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# Masters Degrees (Statistics and Actuarial Science)

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- ItemA brief introduction to basic multivariate economic statistical process control(Stellenbosch : Stellenbosch University, 2012-12) Mudavanhu, Precious; Van Deventer, P. J. U.; Stellenbosch University. Faculty of Economic and Management Sciences. Dept. of Statistics and Actuarial Science.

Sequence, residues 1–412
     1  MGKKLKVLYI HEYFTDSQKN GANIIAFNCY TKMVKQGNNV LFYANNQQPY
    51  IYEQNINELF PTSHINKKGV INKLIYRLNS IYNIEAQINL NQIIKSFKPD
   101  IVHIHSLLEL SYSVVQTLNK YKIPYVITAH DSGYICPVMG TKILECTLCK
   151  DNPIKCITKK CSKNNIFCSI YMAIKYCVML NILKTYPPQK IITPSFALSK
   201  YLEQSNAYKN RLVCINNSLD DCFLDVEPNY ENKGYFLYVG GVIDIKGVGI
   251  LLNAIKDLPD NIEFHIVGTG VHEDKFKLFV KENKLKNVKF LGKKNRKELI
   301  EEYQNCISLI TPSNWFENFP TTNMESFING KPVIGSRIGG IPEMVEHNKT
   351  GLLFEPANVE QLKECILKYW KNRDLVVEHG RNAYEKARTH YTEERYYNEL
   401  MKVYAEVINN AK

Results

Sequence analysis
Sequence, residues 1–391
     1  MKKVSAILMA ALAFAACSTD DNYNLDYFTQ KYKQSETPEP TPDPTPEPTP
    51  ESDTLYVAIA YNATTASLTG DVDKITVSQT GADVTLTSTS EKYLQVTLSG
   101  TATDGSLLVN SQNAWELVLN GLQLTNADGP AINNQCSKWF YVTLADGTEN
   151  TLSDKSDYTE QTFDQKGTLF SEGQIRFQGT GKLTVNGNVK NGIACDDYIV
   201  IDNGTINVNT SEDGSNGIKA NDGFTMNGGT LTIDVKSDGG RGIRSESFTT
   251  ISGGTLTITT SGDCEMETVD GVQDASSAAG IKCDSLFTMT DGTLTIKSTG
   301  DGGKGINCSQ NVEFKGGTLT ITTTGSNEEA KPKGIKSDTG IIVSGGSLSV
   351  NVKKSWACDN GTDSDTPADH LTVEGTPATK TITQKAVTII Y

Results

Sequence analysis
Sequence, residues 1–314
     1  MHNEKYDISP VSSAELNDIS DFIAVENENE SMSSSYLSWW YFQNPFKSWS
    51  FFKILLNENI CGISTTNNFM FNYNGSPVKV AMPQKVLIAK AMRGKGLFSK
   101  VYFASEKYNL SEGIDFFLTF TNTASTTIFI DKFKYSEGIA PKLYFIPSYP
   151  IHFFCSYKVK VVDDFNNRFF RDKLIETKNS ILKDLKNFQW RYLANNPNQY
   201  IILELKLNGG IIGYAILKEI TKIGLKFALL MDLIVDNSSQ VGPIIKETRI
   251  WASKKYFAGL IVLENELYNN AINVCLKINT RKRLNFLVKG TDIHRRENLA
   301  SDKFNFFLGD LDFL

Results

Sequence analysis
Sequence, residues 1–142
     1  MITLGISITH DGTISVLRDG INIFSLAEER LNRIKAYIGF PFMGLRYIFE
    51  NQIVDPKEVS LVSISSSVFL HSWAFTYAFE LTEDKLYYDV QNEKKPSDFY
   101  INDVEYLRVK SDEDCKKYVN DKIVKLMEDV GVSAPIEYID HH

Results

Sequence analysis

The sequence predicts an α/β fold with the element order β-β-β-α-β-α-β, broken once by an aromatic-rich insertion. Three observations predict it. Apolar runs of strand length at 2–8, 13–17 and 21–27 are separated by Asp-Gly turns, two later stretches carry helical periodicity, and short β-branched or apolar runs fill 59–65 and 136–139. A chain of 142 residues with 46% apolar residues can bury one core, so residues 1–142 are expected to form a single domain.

Show more ENGLISH ABSTRACT: Statistical process control (SPC) plays a very important role in monitoring and improving industrial processes to ensure that products produced or shipped to the customer meet the required specifications. The main tool that is used in SPC is the statistical control chart. The traditional way of statistical control chart design assumed that a process is described by a single quality characteristic. However, according to Montgomery and Klatt (1972) industrial processes and products can have more than one quality characteristic and their joint effect describes product quality. Process monitoring in which several related variables are of interest is referred to as multivariate statistical process control (MSPC). The most vital and commonly used tool in MSPC is the statistical control chart as in the case of the SPC. The design of a control chart requires the user to select three parameters which are: sample size, n , sampling interval, h and control limits, k.Several authors have developed control charts based on more than one quality characteristic, among them was Hotelling (1947) who pioneered the use of the multivariate process control techniques through the development of a 2 T -control chart which is well known as Hotelling 2 T -control chart. Since the introduction of the control chart technique, the most common and widely used method of control chart design was the statistical design. However, according to Montgomery (2005), the design of control has economic implications. There are costs that are incurred during the design of a control chart and these are: costs of sampling and testing, costs associated with investigating an out-of-control signal and possible correction of any assignable cause found, costs associated with the production of nonconforming products, etc. The paper is about giving an overview of the different methods or techniques that have been employed to develop the different economic statistical models for MSPC. The first multivariate economic model presented in this paper is the economic design of the Hotelling‟s 2 T -control chart to maintain current control of a process developed by Montgomery and Klatt (1972). This is followed by the work done by Kapur and Chao (1996) in which the concept of creating a specification region for the multiple quality characteristics together with the use of a multivariate quality loss function is implemented to minimize total loss to both the producer and the customer. Another approach by Chou et al (2002) is also presented in which a procedure is developed that simultaneously monitor the process mean and covariance matrix through the use of a quality loss function. The procedure is based on the test statistic 2ln L and the cost model is based on Montgomery and Klatt (1972) as well as Kapur and Chao‟s (1996) ideas. One example of the use of the variable sample size technique on the economic and economic statistical design of the control chart will also be presented. Specifically, an economic and economic statistical design of the 2 T -control chart with two adaptive sample sizes (Farazet al, 2010) will be presented. Farazet al (2010) developed a cost model of a variable sampling size 2 T -control chart for the economic and economic statistical design using Lorenzen and Vance‟s (1986) model. There are several other approaches to the multivariate economic statistical process control (MESPC) problem, but in this project the focus is on the cases based on the phase II stadium of the process where the mean vector, and the covariance matrix, have been fairly well established and can be taken as known, but both are subject to assignable causes. This latter aspect is often ignored by researchers. Nevertheless, the article by Farazet al (2010) is included to give more insight into how more sophisticated approaches may fit in with MESPC, even if the mean vector, only may be subject to assignable cause. Keywords: control chart; statistical process control; multivariate statistical process control; multivariate economic statistical process control; multivariate control chart; loss function.Show more - ItemConfidence intervals for estimators of welfare indices under complex sampling(Stellenbosch : University of Stellenbosch, 2010-03) Kirchoff, Retha; De Wet, Tertius; Neethling, Ariane; University of Stellenbosch. Faculty of Economic and Management Sciences. Dept. of Statistics and Actuarial Science.